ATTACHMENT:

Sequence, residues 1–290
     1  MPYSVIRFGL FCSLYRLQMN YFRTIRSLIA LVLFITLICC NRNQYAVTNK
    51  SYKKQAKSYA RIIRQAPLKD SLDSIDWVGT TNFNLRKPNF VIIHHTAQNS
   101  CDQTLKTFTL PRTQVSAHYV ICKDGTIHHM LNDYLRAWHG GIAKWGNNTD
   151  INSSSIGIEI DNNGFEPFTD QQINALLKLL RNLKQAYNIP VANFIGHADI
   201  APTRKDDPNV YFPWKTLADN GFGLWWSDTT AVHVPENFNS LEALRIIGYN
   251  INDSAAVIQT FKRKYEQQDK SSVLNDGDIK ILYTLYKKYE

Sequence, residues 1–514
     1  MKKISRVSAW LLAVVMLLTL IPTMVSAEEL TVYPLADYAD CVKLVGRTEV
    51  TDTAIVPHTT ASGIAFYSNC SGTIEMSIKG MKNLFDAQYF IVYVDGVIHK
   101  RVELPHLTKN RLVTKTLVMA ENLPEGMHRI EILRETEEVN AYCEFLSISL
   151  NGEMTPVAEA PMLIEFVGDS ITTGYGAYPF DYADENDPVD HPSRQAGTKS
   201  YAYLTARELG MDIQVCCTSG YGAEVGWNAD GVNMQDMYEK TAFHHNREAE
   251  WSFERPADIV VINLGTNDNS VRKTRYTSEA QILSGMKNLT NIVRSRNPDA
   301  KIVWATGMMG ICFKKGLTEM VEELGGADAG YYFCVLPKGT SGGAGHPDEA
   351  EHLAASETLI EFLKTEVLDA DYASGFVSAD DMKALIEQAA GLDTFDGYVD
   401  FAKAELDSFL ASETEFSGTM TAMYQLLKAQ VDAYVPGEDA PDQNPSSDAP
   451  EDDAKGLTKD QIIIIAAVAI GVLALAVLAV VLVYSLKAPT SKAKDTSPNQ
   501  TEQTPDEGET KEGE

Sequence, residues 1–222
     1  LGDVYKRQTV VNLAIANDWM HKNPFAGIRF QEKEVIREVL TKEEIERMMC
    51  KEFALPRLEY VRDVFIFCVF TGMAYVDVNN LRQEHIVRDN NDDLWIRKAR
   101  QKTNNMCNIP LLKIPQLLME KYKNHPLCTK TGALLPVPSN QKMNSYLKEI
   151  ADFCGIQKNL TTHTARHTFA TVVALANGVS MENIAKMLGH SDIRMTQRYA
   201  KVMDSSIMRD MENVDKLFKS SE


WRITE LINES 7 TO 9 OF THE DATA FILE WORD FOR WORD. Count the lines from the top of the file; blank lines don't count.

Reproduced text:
   251  INDSAAVIQT FKRKYEQQDK SSVLNDGDIK ILYTLYKKYE

Sequence, residues 1–514
     1  MKKISRVSAW LLAVVMLLTL IPTMVSAEEL TVYPLADYAD CVKLVGRTEV